The Internet of Things is a misnomer. That implies that everything is on the Internet, and that simply should not be - especially for things that are blurring the line between medical devices that stimulate like a pacemaker and quantified self-sensors like a pedometer or pulse tracker. The mesh of things that we manage must be segmented into zones of trust for sensing data, transmitting data, receiving command and control administrative changes, and peer-to-peer mesh messaging. In his session at @ThingsExpo, Ryan Bagnulo, Solution Architect / Software Engineer at SOA Software, focused on desi...
"At our booth we are showing how to provide trust in the Internet of Things. Trust is where everything starts to become secure and trustworthy. Now with the scaling of the Internet of Things it becomes an interesting question – I've heard numbers from 200 billion devices next year up to a trillion in the next 10 to 15 years," explained Johannes Lintzen, Vice President of Sales at Utimaco, in this SYS-CON.tv interview at @ThingsExpo, held Nov 4–6, 2014, at the Santa Clara Convention Center in Santa Clara, CA.
"For over 25 years we have been working with a lot of enterprise customers and we have seen how companies create applications. And now that we have moved to cloud computing, mobile, social and the Internet of Things, we see that the market needs a new way of creating applications," stated Jesse Shiah, CEO, President and Co-Founder of AgilePoint Inc., in this SYS-CON.tv interview at 15th Cloud Expo, held Nov 4–6, 2014, at the Santa Clara Convention Center in Santa Clara, CA.
SYS-CON Events announced today that Gridstore™, the leader in hyper-converged infrastructure purpose-built to optimize Microsoft workloads, will exhibit at SYS-CON's 16th International Cloud Expo®, which will take place on June 9-11, 2015, at the Javits Center in New York City, NY. Gridstore™ is the leader in hyper-converged infrastructure purpose-built for Microsoft workloads and designed to accelerate applications in virtualized environments. Gridstore’s hyper-converged infrastructure is the industry’s first all flash version of HyperConverged Appliances that include both compute and storag...
Today’s enterprise is being driven by disruptive competitive and human capital requirements to provide enterprise application access through not only desktops, but also mobile devices. To retrofit existing programs across all these devices using traditional programming methods is very costly and time consuming – often prohibitively so. In his session at @ThingsExpo, Jesse Shiah, CEO, President, and Co-Founder of AgilePoint Inc., discussed how you can create applications that run on all mobile devices as well as laptops and desktops using a visual drag-and-drop application – and eForms-buildi...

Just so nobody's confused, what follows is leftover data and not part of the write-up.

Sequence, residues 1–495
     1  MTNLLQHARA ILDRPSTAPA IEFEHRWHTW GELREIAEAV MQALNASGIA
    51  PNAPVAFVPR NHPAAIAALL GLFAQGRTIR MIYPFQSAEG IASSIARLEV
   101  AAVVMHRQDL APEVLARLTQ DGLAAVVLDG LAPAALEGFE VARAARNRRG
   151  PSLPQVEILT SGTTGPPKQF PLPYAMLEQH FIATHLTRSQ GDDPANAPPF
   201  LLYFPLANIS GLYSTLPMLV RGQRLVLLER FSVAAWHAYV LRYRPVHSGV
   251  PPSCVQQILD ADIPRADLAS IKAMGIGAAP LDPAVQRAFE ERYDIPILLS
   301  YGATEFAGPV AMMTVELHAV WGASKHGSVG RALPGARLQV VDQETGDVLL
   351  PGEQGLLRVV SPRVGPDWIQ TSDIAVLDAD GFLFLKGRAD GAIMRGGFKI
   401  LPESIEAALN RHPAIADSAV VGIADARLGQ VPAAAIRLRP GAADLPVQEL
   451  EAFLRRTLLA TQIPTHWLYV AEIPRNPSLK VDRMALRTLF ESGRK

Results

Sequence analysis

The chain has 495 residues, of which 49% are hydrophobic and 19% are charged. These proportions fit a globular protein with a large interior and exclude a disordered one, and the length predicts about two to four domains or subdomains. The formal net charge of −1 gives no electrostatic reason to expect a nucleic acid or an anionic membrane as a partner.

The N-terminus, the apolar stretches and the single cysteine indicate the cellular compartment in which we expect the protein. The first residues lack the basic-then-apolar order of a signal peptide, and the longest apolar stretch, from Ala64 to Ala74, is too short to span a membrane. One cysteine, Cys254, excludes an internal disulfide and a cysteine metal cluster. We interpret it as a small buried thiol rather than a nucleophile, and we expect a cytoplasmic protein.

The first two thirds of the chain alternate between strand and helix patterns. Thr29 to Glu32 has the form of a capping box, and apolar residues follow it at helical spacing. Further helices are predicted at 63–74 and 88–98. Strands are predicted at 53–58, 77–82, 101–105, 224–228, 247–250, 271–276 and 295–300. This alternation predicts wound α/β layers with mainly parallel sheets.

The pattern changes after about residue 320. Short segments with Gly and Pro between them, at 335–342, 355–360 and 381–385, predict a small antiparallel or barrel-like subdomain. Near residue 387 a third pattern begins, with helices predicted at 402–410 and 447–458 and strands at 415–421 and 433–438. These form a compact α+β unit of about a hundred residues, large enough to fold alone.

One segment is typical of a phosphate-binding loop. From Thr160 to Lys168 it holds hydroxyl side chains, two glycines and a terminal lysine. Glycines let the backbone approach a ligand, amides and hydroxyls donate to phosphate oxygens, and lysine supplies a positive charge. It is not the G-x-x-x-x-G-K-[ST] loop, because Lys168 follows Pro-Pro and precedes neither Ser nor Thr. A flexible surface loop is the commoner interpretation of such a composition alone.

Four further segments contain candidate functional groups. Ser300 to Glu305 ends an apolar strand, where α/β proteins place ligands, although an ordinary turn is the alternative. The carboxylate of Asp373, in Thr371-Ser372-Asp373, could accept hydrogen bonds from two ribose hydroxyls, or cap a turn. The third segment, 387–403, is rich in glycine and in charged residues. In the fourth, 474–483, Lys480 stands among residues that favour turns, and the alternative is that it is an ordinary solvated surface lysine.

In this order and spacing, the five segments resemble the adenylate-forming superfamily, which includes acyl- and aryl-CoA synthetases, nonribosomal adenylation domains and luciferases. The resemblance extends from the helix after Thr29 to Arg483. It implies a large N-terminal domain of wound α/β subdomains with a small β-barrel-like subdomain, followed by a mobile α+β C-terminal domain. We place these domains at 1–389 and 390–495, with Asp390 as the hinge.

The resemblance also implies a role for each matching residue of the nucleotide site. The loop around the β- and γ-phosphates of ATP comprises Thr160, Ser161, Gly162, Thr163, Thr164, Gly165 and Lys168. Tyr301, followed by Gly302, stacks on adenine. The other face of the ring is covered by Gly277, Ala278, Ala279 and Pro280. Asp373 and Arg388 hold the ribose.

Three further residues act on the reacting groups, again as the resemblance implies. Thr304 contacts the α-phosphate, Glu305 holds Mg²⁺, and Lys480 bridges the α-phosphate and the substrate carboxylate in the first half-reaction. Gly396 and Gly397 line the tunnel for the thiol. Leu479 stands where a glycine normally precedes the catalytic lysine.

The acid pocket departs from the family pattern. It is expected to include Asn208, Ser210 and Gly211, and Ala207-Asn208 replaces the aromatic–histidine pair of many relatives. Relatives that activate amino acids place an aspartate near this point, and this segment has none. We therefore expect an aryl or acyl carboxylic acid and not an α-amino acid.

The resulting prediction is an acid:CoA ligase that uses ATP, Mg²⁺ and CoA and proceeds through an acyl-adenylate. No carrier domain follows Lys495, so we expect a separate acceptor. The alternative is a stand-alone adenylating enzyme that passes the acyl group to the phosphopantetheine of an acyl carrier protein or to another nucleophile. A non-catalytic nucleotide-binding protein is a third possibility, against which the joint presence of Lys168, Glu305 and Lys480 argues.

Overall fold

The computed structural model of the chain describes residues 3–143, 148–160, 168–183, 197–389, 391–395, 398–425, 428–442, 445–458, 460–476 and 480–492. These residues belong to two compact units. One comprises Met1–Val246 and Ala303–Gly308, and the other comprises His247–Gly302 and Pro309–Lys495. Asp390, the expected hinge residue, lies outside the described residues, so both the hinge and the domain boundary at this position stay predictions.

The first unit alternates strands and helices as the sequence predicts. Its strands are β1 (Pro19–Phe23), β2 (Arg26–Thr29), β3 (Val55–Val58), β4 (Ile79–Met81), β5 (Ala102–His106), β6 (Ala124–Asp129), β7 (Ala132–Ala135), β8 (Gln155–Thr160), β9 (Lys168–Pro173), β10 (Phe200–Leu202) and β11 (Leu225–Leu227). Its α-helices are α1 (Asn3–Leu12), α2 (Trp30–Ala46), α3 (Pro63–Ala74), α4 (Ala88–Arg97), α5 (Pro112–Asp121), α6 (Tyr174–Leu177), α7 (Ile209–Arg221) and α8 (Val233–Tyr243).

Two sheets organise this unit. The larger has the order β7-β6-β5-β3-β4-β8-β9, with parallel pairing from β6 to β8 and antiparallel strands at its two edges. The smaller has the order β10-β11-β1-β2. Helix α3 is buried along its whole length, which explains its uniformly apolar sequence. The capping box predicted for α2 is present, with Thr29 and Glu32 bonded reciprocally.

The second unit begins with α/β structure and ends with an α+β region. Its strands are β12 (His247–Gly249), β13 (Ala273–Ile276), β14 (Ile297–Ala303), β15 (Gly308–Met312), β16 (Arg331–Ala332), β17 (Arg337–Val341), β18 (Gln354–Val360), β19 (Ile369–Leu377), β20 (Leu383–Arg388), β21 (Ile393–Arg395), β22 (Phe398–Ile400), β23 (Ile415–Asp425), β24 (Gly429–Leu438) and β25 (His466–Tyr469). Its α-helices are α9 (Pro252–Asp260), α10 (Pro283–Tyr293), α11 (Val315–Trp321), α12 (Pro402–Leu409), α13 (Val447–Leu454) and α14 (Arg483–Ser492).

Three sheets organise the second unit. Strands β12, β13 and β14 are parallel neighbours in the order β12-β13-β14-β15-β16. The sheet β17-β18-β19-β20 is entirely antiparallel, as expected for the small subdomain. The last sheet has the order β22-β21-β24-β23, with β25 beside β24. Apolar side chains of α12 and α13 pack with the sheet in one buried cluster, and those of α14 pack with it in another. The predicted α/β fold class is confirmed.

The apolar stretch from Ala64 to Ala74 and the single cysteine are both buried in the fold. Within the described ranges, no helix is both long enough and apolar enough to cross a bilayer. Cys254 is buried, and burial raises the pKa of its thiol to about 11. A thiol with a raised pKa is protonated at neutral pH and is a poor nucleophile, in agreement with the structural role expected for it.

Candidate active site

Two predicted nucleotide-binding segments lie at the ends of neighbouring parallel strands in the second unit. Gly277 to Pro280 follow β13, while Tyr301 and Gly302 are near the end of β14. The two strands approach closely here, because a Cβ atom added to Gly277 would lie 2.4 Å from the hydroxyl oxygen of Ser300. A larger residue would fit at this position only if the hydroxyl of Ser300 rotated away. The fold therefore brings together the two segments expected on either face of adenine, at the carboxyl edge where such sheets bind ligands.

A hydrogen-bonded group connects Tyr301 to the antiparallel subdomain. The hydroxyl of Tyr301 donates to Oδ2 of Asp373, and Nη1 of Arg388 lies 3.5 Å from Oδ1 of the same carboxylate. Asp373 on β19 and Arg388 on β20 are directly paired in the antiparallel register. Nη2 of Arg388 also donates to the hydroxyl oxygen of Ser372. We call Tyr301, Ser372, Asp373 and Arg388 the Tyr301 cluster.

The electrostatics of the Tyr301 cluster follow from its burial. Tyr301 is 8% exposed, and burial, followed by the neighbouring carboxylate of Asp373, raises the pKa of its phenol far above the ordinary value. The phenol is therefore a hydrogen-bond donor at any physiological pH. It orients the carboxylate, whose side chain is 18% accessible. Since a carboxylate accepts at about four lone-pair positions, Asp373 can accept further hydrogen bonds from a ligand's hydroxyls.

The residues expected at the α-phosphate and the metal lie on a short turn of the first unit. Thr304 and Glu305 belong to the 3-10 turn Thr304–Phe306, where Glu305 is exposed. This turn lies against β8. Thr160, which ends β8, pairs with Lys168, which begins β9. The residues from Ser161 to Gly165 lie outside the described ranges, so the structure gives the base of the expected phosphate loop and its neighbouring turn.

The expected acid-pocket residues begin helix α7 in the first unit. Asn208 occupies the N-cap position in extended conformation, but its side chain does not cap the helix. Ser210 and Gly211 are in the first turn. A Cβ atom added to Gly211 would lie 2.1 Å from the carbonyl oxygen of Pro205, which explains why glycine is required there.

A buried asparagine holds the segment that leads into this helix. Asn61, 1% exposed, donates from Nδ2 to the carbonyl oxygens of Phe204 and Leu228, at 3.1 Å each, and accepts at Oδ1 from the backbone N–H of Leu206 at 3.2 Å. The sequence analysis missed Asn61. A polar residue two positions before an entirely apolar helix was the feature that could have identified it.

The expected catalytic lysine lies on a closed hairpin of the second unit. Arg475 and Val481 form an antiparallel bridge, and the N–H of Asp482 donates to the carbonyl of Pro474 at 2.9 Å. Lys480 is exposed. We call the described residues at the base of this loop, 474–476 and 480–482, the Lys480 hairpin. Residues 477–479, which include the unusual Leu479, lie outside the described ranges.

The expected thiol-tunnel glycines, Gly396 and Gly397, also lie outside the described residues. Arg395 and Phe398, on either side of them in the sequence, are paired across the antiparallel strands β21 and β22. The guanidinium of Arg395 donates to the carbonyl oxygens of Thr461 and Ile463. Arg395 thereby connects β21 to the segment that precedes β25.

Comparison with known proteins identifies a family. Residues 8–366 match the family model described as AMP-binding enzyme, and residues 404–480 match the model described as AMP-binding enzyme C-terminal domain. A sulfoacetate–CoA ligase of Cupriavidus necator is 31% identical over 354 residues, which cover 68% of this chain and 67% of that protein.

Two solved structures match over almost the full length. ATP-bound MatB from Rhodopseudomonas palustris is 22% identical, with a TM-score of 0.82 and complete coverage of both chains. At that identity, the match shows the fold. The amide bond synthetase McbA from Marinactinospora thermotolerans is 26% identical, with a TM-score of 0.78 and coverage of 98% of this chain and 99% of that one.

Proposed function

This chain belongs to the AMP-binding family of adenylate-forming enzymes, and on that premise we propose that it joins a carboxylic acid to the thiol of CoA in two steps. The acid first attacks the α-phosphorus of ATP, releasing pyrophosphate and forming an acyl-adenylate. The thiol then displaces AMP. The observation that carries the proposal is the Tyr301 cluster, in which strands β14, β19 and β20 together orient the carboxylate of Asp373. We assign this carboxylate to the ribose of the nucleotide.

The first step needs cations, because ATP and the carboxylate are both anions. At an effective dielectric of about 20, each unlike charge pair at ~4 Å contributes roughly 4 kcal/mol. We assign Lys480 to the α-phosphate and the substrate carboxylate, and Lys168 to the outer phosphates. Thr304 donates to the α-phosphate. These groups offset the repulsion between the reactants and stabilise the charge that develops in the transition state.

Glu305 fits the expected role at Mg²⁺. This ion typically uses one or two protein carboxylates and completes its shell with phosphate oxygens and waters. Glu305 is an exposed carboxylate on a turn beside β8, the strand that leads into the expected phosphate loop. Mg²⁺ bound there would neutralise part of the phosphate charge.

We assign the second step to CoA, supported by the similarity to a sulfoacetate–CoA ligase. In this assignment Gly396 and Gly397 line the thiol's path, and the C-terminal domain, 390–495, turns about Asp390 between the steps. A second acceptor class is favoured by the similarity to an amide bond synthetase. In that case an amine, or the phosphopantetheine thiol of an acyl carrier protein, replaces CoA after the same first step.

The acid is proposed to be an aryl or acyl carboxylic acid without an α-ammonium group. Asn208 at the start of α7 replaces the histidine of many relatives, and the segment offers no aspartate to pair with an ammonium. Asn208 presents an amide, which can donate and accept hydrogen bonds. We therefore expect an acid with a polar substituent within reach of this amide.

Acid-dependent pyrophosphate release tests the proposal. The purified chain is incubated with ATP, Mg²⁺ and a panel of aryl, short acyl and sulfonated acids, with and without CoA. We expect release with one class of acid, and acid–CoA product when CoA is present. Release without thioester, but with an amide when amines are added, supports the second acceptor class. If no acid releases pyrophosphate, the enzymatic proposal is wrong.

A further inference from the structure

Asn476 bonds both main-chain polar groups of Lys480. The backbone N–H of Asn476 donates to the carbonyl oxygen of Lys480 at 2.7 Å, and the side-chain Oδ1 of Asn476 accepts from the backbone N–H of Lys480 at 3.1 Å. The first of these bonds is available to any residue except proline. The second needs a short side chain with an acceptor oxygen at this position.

We certainly live in interesting technological times. And no more interesting than the current competing IoT standards for connectivity. Various standards bodies, approaches, and ecosystems are vying for mindshare and positioning for a competitive edge. It is clear that when the dust settles, we will have new protocols, evolved protocols, that will change the way we interact with devices and infrastructure. We will also have evolved web protocols, like HTTP/2, that will be changing the very core of our infrastructures. At the same time, we have old approaches made new again like micro-services...
Code Halos - aka "digital fingerprints" - are the key organizing principle to understand a) how dumb things become smart and b) how to monetize this dynamic. In his session at @ThingsExpo, Robert Brown, AVP, Center for the Future of Work at Cognizant Technology Solutions, outlined research, analysis and recommendations from his recently published book on this phenomena on the way leading edge organizations like GE and Disney are unlocking the Internet of Things opportunity and what steps your organization should be taking to position itself for the next platform of digital competition.
The 3rd International Internet of @ThingsExpo, co-located with the 16th International Cloud Expo - to be held June 9-11, 2015, at the Javits Center in New York City, NY - announces that its Call for Papers is now open. The Internet of Things (IoT) is the biggest idea since the creation of the Worldwide Web more than 20 years ago.
As the Internet of Things unfolds, mobile and wearable devices are blurring the line between physical and digital, integrating ever more closely with our interests, our routines, our daily lives. Contextual computing and smart, sensor-equipped spaces bring the potential to walk through a world that recognizes us and responds accordingly. We become continuous transmitters and receivers of data. In his session at @ThingsExpo, Andrew Bolwell, Director of Innovation for HP's Printing and Personal Systems Group, discussed how key attributes of mobile technology – touch input, sensors, social, and ...
In their session at @ThingsExpo, Shyam Varan Nath, Principal Architect at GE, and Ibrahim Gokcen, who leads GE's advanced IoT analytics, focused on the Internet of Things / Industrial Internet and how to make it operational for business end-users. Learn about the challenges posed by machine and sensor data and how to marry it with enterprise data. They also discussed the tips and tricks to provide the Industrial Internet as an end-user consumable service using Big Data Analytics and Industrial Cloud.